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Webquest About Grades 3-5

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Many Southern blacks migrated to the North in search of better education for their children. Although the school system in the North was also segregated, schools for blacks were still better than the schools in the South.

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In this webquest you will:
  • Look at how Jacob Lawrence has portrayed education in The Migration Series.

  • Look at images on the web of old school houses and compare them to your own classrooms.

  • Read the story of a student’s experience in an old school.

  • Compare some of the differences between urban and rural schools.

  • Imagine that you are in school a hundred years ago, and make a scrapbook of this experience.
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In the North the Negro had better educational facilities.

The Migration of the Negro, panel 58, 1940-41
Casein tempera on hardboard
12 x 18 in. (30.5 x 45.7 cm)
The Museum of Modern Art, New York; gift of Mrs. David M. Levy
© Gwendolyn Knight Lawrence, courtesy of the Jacob and Gwendolyn Lawrence Foundation
  1. Look at  Jacob Lawrence's painting, panel #58 from The Migration Series. Move your mouse over the painting and find questions to discuss with your classmates.

  2. Look at images of old schoolhouses that are linked in the web resources below.

    How do these schools look to you?
    How do you think they may have been different from your school?
    Try to imagine a day in the life of a student in a one-room schoolhouse.
    What is it like to have all grades in one room?
    Imagine doing all your work on a little piece of slate.
    Imagine using an inkwell that sits in your desk.
    Imagine that all the heat in the room comes from one gas stove sitting in the middle.
    Look around your classroom. What do you see that you think would be in a one-room schoolhouse? What would definitely not be there?

  3. With your teacher, read the story of a student in a school from history. See the literature resources below.

    How is education different now than what it used to be?
    In what ways have schools been unfair to certain people?
    Are they different now?
    Some stories tell of school life in the city, and others tell of school life in the country.
    Where do you go to school?
    What do you think might be some of the differences between city schools, suburban schools, and rural schools?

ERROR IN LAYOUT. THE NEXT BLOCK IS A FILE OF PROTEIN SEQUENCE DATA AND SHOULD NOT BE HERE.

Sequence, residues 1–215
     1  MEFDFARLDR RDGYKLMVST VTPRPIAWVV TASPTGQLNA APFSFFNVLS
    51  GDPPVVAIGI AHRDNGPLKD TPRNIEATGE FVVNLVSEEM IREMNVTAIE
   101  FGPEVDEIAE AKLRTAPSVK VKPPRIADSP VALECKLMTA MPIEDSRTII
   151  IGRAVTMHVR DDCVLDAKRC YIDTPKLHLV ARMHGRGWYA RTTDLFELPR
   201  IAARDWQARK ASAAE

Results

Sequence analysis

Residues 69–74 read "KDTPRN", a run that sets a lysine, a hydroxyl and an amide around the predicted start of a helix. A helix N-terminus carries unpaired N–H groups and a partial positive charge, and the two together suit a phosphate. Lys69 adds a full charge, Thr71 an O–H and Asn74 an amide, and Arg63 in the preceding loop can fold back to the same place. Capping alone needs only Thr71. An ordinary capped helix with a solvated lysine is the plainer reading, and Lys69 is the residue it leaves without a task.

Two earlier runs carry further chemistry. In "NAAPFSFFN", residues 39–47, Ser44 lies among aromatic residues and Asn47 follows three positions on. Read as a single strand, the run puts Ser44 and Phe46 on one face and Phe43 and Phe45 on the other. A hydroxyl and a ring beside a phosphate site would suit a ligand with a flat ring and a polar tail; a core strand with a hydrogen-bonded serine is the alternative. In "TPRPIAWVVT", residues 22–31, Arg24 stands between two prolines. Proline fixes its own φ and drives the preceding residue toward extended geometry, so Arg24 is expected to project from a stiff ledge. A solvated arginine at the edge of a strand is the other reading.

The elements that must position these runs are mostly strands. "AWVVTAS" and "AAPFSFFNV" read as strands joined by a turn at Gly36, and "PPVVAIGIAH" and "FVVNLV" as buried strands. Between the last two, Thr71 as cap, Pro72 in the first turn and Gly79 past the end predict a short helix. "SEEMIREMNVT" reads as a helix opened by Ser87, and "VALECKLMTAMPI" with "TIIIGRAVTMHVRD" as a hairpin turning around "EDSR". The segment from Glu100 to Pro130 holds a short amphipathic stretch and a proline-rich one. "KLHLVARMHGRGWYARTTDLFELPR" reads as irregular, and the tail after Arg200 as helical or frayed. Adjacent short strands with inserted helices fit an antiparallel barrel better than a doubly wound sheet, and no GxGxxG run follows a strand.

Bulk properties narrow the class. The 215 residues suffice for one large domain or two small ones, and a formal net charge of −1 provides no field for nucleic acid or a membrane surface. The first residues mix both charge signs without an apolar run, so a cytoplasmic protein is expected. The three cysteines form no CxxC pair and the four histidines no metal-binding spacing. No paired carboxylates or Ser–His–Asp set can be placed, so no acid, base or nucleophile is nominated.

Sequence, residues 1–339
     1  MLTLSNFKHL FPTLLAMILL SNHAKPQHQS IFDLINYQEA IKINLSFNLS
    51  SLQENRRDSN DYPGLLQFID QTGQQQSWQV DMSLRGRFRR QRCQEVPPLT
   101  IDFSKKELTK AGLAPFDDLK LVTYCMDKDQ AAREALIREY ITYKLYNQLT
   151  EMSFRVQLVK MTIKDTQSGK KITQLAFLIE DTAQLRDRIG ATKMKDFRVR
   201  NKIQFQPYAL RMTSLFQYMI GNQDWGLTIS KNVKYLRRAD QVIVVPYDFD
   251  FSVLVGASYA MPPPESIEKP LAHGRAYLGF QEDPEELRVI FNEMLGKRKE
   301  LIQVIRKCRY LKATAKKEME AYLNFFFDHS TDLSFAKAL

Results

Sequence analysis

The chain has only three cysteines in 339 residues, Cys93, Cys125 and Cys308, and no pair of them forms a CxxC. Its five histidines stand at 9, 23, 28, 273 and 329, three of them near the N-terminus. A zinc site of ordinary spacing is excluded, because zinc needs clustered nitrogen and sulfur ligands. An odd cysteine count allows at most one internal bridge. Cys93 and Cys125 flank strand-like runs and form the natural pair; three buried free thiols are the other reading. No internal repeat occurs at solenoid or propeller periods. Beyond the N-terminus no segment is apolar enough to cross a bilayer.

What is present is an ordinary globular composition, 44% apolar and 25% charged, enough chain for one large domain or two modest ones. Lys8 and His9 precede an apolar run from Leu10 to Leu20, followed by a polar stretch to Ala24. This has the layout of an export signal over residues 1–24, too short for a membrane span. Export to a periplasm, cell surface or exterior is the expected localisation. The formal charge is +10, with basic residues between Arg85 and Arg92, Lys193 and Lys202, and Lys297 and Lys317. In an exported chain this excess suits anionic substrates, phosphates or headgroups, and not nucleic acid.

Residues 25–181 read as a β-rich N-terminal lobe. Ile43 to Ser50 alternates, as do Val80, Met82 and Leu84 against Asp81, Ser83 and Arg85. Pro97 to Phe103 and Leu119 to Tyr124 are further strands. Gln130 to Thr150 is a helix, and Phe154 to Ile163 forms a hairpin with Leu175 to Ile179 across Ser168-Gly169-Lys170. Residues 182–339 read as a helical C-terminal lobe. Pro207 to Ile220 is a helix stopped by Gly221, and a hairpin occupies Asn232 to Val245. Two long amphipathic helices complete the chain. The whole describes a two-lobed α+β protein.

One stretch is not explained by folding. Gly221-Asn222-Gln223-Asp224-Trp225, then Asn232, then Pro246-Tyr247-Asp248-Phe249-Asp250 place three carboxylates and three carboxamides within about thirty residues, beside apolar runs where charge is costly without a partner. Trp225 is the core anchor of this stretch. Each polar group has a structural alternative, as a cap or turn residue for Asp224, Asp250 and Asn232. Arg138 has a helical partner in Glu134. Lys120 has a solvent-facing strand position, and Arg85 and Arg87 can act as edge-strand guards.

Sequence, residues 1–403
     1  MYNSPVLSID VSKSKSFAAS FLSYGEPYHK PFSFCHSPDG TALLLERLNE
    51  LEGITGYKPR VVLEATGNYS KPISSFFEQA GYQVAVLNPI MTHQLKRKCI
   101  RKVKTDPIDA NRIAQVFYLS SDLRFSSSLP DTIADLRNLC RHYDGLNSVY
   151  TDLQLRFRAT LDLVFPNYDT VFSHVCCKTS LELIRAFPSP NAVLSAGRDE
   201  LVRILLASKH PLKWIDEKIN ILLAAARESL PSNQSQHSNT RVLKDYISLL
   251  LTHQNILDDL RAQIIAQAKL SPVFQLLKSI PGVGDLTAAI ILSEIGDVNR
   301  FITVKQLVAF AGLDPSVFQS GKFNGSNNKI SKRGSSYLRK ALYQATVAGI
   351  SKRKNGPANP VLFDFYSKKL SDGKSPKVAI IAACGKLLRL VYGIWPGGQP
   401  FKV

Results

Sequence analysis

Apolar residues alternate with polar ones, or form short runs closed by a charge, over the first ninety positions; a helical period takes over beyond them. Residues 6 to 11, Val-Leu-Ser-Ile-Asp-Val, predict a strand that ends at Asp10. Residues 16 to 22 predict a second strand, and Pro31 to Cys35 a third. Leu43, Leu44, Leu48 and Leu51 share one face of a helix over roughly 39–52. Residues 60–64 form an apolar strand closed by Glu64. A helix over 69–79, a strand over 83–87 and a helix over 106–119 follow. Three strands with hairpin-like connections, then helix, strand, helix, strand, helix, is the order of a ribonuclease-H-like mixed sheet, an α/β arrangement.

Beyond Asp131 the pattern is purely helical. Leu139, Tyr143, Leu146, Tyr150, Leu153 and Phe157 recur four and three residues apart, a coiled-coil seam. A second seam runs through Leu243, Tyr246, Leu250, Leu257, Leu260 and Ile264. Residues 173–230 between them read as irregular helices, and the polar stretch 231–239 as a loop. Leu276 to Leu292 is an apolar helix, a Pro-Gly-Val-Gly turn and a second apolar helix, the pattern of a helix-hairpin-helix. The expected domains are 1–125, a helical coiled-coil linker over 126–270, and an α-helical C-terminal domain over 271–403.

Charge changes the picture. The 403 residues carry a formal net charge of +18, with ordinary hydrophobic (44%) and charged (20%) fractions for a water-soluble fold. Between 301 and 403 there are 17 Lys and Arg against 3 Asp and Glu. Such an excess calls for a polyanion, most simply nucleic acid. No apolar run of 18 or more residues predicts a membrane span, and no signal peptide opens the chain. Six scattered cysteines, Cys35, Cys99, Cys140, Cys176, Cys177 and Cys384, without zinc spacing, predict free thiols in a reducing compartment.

4. Imagine that you are in school a hundred years ago.

    Describe what a day in your school is like.
    What is your teacher like?
    What are you learning in school?
    What do you do after school?

    Make a scrapbook of this experience. Include drawings and writing.

  5. Share your stories with your classmates.
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Preacher’s Boy by Katherine Paterson, Harper Trophy, February 2001. Takes place in turn of the century Vermont.

The Journal of Ben Uchida: Citizen 13559 Mirror Lake Internment Camp by Harry Denenberg, Scholastic Paperbacks, September 1999.

White Socks Only by Evelyn Coleman, Albert Whitman and Company, 1999.

Upper Copp’s Hill by Katherine Ayers, Pleasant Company Publications, 2000. 1908. Boston’s North End community of Italian and Jewish immigrants living in tenement housing.

Granddaddy’s Gift by Margaree King Mitchel, Troll Associated, 1998. Life on the farm in segregated Mississippi. A story about education and democracy.

Nothing to Fear by Jackie French Koller, Harcourt Brace, 1993. Irish immigrants in depression era New York City.

A Letter to Mrs. Roosevelt by C. Coco De Young, Yearling Books, 2000. A Depression era story.

Richard Wright and the Library Card by William Miller, Lee and Low Books, 1997.

The Road to Memphis by Mildred Taylor. The story of being in high school in Jackson, Mississippi in 1941.

Kit Learns a Lesson: 1934 A School Story by Valerie Tripp, Pleasant Company Publications, 2000.


Picture of a one-room schoolhouse as it exists today.

A one-room schoolhouse in West Virginia.

A one-room schoolhouse in Ohio.

The inside of a 1939 Pennsylvania classroom.

Recreating the experience of the one-room schoolhouse.


The oldest wooden one-room schoolhouse in the US.

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You will be evaluated on the scrapbook that you made about an imaginary school that existed 100 years ago. Your teacher may also choose to create rubrics for evaluation.
  • Refer back to "Questions to Consider" in the  Process section. Does your scrapbook address the questions listed? Does the viewer get a sense of what your teacher and school are like? What kinds of things do you learn in school?

  • Does the scrapbook include factual information, as well as personal information such as thoughts, feelings and emotions about what a typical day might be like for a student?

  • What kinds of stories could you make up to go with your pictures?

  •  Learning Standards Addressed
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As a class, present and discuss your scrapbook school stories of 100 years ago. Compare your stories with a typical day at your school.

As a class, collaborate to make a scrapbook about a day at your school in the twenty-first century.

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©2001 Whitney Museum of American Art